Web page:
Marie Louise Burke, in her diary entries (“A Disciple’s Journal: In the company of Swami Ashokananda”), gifts us a view of her struggles, and her relationship with her Teacher, Swami Ashokananda (a monk of the Ramakrishna Order). It is remarkable, among other things, for the reason that there is clearly no whitewashing 😊
Introducing the entries for 1956, she writes that “when I came to know Swami Ashokananda”, she saw “the ocean of selflessness for the first time.”
“My only thought was “Oh! That’s it.”….He was not merely unselfish — there was just no self, no ego to affirm or to efface. Out of that emptiness….came a strength and a wisdom without shadows or doubts.”
Writing about Jesus Christ in “The World’s Religions”, the scholar Huston Smith points out that “it seemed to those who knew him best that here was a man in whom the human ego had disappeared…..” It was this, “what he was”, Huston writes, that “edged his disciples toward the conclusion that he was divine”.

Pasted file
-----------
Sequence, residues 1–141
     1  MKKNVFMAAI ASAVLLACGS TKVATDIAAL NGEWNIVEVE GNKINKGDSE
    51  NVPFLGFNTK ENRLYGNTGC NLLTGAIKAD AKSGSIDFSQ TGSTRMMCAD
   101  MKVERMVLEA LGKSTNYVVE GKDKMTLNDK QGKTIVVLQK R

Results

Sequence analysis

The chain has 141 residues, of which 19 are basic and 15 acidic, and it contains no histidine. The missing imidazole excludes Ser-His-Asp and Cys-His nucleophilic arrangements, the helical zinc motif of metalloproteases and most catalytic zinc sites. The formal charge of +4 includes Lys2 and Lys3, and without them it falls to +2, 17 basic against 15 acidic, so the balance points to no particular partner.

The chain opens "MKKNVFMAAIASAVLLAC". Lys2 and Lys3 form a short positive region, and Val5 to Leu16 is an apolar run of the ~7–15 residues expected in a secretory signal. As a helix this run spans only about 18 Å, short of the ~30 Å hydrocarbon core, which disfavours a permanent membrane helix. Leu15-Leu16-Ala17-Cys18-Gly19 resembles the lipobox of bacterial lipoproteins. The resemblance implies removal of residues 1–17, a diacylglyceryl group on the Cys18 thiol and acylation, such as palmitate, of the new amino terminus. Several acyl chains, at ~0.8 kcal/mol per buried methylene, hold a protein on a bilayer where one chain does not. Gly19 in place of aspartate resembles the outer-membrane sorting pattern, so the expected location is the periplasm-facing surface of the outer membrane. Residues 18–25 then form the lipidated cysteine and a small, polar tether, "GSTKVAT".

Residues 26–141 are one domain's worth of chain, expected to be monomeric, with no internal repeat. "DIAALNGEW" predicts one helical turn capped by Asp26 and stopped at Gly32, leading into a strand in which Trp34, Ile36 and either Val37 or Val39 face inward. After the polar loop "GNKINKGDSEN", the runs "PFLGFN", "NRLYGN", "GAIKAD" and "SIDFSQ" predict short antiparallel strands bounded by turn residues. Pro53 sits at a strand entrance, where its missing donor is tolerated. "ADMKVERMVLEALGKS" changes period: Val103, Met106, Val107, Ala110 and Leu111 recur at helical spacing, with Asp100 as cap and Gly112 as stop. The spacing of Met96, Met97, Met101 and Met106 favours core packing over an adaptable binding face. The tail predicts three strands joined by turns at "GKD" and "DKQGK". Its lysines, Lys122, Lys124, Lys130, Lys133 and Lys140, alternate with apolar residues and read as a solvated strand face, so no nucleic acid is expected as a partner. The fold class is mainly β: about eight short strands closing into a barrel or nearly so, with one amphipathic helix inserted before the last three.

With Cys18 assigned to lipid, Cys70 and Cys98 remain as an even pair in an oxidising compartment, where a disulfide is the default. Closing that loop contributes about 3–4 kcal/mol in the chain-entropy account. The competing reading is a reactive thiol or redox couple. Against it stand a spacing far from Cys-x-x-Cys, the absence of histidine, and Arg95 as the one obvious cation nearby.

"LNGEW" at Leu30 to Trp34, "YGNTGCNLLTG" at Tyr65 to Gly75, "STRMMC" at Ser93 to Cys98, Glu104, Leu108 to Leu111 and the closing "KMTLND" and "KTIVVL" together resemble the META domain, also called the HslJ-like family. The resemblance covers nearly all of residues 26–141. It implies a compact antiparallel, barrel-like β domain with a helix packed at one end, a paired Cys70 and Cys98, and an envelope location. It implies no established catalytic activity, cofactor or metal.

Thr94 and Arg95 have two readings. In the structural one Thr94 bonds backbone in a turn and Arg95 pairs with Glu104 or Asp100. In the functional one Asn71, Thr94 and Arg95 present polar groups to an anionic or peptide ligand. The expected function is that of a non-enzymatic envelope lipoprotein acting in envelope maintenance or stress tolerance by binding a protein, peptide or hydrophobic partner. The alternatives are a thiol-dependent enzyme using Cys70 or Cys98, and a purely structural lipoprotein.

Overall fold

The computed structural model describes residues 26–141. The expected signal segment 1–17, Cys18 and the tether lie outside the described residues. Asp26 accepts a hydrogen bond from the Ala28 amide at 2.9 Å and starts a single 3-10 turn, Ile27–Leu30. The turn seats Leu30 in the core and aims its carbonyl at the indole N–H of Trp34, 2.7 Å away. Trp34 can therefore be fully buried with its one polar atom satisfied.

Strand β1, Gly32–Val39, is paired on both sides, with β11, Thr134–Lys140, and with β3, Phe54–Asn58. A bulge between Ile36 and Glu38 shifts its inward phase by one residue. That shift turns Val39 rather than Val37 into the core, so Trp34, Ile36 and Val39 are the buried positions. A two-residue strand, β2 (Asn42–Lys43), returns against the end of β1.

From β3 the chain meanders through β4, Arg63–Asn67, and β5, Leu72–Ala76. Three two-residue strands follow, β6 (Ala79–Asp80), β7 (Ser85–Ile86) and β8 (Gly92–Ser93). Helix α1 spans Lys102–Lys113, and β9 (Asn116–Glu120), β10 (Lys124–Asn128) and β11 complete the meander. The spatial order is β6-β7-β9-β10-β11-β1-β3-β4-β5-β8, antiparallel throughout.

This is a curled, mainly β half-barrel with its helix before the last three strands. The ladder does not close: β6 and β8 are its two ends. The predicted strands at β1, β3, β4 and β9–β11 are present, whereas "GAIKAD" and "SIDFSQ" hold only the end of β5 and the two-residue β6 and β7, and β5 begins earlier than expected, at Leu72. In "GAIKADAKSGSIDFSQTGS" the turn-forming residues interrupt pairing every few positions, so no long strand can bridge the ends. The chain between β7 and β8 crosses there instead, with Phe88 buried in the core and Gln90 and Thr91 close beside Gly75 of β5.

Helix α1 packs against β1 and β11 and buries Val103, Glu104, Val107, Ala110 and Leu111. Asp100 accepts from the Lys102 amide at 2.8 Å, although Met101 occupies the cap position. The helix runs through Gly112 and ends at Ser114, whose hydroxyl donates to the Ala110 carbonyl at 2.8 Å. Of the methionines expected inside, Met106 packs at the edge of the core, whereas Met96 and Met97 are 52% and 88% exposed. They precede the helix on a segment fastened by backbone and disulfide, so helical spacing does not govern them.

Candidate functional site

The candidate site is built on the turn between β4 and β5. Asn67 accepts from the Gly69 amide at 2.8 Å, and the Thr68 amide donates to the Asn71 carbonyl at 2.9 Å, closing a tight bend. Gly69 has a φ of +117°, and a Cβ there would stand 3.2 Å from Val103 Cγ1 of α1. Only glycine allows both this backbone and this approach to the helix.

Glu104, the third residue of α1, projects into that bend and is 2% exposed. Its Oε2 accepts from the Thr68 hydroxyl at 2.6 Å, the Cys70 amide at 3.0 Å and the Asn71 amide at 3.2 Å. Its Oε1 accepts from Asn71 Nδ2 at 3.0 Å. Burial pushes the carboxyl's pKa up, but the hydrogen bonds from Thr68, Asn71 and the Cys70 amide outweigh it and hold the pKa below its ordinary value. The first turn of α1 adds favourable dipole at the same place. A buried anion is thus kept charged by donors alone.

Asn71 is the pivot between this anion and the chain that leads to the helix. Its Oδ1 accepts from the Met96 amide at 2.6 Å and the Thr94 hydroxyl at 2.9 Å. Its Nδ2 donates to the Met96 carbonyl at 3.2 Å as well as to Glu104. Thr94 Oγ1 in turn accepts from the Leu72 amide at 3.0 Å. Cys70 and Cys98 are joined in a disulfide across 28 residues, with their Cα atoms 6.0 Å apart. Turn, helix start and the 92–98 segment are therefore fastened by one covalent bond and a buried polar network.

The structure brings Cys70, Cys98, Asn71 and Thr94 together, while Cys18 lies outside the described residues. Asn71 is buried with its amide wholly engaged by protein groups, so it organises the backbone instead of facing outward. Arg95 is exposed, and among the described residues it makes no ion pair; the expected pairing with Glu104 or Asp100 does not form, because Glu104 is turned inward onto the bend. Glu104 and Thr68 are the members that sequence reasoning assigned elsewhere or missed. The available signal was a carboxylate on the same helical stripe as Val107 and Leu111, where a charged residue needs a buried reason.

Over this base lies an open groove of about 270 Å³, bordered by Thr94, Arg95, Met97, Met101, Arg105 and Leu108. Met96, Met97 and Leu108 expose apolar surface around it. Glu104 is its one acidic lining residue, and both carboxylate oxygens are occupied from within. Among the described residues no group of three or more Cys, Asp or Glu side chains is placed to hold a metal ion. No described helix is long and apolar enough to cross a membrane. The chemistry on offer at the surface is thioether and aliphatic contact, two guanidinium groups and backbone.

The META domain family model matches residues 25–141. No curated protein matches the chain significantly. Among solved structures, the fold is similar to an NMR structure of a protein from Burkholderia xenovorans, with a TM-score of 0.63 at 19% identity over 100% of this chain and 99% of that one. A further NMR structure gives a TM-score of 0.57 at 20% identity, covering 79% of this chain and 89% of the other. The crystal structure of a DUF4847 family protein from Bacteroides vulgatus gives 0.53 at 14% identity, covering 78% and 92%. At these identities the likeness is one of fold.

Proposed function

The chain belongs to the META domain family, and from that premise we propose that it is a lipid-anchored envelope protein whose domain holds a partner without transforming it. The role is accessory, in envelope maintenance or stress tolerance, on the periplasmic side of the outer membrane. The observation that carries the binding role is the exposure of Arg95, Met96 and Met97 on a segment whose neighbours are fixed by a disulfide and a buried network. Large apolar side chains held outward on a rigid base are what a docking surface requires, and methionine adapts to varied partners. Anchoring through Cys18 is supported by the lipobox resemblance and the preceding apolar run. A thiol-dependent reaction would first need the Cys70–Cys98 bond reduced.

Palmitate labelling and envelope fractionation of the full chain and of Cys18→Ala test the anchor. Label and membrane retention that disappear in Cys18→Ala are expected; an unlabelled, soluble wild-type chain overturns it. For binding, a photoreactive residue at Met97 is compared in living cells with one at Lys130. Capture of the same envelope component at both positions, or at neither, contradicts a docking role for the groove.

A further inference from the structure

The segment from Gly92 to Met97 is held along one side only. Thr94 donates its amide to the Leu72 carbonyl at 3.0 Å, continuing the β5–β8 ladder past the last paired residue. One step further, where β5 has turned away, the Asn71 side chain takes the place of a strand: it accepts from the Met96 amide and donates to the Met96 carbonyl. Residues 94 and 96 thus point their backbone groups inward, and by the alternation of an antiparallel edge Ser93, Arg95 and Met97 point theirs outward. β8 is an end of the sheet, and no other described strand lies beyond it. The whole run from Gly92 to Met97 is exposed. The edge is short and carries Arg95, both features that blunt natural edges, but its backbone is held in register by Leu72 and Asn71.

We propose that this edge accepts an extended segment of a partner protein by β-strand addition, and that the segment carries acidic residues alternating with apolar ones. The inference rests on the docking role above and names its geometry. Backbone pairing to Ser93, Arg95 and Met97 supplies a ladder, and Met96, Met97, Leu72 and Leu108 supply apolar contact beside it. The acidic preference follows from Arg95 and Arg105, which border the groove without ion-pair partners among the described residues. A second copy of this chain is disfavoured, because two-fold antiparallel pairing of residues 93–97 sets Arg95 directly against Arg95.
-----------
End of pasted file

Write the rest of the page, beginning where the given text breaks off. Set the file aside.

Abigail Marsh, psychologist and neuroscientist at Georgetown University, whose life-direction changed when a stranger (whose identify she still does know) saved her life after a potentially fatal road accident when she was nineteen, tells us in a TED Talk that she has devoted her work “to understanding the human capacity to care for others.”
She says that she has asked many altruistic people about what it is that makes them special, that makes them different from most.
“And what do they say?
They say, “Nothing. There’s nothing special about me. I’m just the same as everybody else.”
And I think that’s actually a really telling answer….They have no center. These altruists literally don’t think of themselves as being at the center of anything, as being better or more inherently important than anybody else.”